Tuesday, October 07, 2008

Bank Raises Rates on Variable Rate Mortgages

The latest victims of the growing financial crisis could be the standard discount available to consumers on variable mortgages, and home equity loans at prime.

In a move expected to be followed by other banks, all of which have been stung by higher funding costs, TD Canada Trust is raising rates on both types of loans, effective Oct. 7.

Rates on these products will rise to 5.75 per cent, a percentage point above the prime rate. Only last week, TD eliminated the discount on its variable rate mortgages, offering them at the prime rate of 4.75 per cent. During the housing boom of the past several years, consumers could often get their bank to drop the rate by half or even up to a full percentage point.

“While TD Canada Trust has endeavoured to not pass on the increases in rates to its consumers, this change reflects steadily increasing costs of funds in the current economic environment,” the bank said in a statement.

The percentage point increase raises the term interest cost on a $250,000 variable rate mortgage by $12,247.22 over five years, according to Royal Bank of Canada's online mortgage calculator. The difference is based on a 25-year amortization, a variable rate mortgage with a five-year term and bi-weekly payments. On that basis, the bi-weekly payment amount rises to $725.90 from $657.83.

The credit crisis and economic uncertainty have caused banks to stockpile their cash. That's driving up their short-term cost of borrowing from one another, and means margins on variable rate mortgage products are shrinking.

Rates on fixed-term mortgages went up last week too, as banks have passed on fewer of their savings from falling bond yields to consumers to consumers.

“The deterioration of global credit markets is beginning to squeeze the ability of even the strongest of financial institutions to raise longer-term funds, which could limit the provision of longer-term credit in Canada to businesses and households,” federal Finance Minister Jim Flaherty said in a statement Monday.

“Hopefully this isn't a permanent shift, but a short-term reaction to conditions the likes of which we really haven't seen before,” said Gary Siegle, regional manager at mortgage broker Invis.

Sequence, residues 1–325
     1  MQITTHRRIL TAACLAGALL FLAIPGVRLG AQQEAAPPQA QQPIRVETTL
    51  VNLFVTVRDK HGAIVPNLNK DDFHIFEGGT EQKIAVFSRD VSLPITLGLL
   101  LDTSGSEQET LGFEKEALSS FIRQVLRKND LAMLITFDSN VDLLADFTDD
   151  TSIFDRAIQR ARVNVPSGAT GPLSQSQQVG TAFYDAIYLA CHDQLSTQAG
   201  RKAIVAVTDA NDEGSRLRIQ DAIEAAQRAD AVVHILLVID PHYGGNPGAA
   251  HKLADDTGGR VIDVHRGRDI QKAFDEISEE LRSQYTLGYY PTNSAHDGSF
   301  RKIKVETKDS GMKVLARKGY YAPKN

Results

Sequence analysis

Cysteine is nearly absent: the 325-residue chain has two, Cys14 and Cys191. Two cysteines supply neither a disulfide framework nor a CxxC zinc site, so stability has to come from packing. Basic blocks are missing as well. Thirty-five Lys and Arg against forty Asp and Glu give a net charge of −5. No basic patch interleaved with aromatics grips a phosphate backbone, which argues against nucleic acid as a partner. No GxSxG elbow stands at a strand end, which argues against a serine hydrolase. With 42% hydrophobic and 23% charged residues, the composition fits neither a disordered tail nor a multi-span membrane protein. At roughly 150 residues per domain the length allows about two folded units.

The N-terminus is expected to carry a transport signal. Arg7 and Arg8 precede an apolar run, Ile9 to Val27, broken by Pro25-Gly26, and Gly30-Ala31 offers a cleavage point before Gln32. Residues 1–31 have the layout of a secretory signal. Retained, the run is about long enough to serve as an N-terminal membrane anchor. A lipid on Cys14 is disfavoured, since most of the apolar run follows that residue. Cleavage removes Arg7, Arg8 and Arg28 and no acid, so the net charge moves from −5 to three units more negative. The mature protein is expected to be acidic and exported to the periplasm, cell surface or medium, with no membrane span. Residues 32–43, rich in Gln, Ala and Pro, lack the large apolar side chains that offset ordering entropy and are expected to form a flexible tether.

With a discount, some customers can still get five-year, fixed-rate mortgages at 5.55 per cent, meaning a bi-weekly payment of $707.66 on a $250,000 mortgage amortized over 25 years. This means those looking for peace of mind in the current market turmoil aren't paying a premium to lock in, Mr. Siegle said.

11 comments:

mohican said...

The word on the street has it that over half of new mortgages were Variable Rate and that the spread on the banks borrowing costs and what the customer was paying was well into negative territory - ie - the banks are subsidizing the mortgage. We'll see later today if the rest of the banks follow.

RentingSucks said...

Does anyone think a Canadian bank failure is a possibility? We keep telling ourselves we're different but this is the a sign that Canadian banks aren't completely immune for the crisis. I thought it was going to be bad but not this bad. Stock market plus real estate crash is going to suck a LOT of money out of the system.

mohican said...

Anything is possible. The less diversified financial institutions will be hit hardest and fastest.

Regional banks / credit unions based in markets where the housing market is falling are at the highest risk.

patriotz said...

Remember Bank of BC and two Alberta banks failed in the 1980's resource/RE bust - sort of a north of 49th version of S&L.

Now there's just Canadian Western Bank which from all accounts is one of Canada's most conservative. Other banks have their exposure spread across the country or in non-bubbly Quebec.

Definitely expect credit union failures, these always happen during downturns and the victim just gets absorbed by a bigger CU.